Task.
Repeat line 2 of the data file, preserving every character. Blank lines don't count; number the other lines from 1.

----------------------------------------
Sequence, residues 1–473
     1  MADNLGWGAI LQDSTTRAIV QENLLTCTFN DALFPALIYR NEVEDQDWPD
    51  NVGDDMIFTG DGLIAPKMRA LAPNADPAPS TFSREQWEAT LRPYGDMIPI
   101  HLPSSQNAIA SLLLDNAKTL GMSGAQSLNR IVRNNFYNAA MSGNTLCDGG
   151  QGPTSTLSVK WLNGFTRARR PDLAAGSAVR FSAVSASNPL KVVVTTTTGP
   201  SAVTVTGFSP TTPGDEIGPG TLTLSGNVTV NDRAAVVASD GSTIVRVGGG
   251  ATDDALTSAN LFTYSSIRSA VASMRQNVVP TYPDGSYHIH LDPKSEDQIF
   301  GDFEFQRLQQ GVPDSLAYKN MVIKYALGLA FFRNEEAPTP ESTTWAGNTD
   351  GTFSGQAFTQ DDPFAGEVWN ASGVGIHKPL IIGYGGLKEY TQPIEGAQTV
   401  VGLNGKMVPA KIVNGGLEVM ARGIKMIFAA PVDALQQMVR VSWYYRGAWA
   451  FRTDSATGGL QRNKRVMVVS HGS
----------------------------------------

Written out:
     1  MADNLGWGAI LQDSTTRAIV QENLLTCTFN DALFPALIYR NEVEDQDWPD